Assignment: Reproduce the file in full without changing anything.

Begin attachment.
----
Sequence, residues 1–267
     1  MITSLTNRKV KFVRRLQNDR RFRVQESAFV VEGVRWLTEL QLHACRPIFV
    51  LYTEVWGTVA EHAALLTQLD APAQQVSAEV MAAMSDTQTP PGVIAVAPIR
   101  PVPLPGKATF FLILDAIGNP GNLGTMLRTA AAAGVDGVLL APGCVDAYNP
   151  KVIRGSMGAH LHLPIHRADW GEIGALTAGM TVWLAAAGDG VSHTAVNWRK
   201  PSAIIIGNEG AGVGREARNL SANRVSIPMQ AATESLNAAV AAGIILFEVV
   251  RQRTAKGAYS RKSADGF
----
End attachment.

Sequence, residues 1–267
     1  MITSLTNRKV KFVRRLQNDR RFRVQESAFV VEGVRWLTEL QLHACRPIFV
    51  LYTEVWGTVA EHAALLTQLD APAQQVSAEV MAAMSDTQTP PGVIAVAPIR
   101  PVPLPGKATF FLILDAIGNP GNLGTMLRTA AAAGVDGVLL APGCVDAYNP
   151  KVIRGSMGAH LHLPIHRADW GEIGALTAGM TVWLAAAGDG VSHTAVNWRK
   201  PSAIIIGNEG AGVGREARNL SANRVSIPMQ AATESLNAAV AAGIILFEVV
   251  RQRTAKGAYS RKSADGF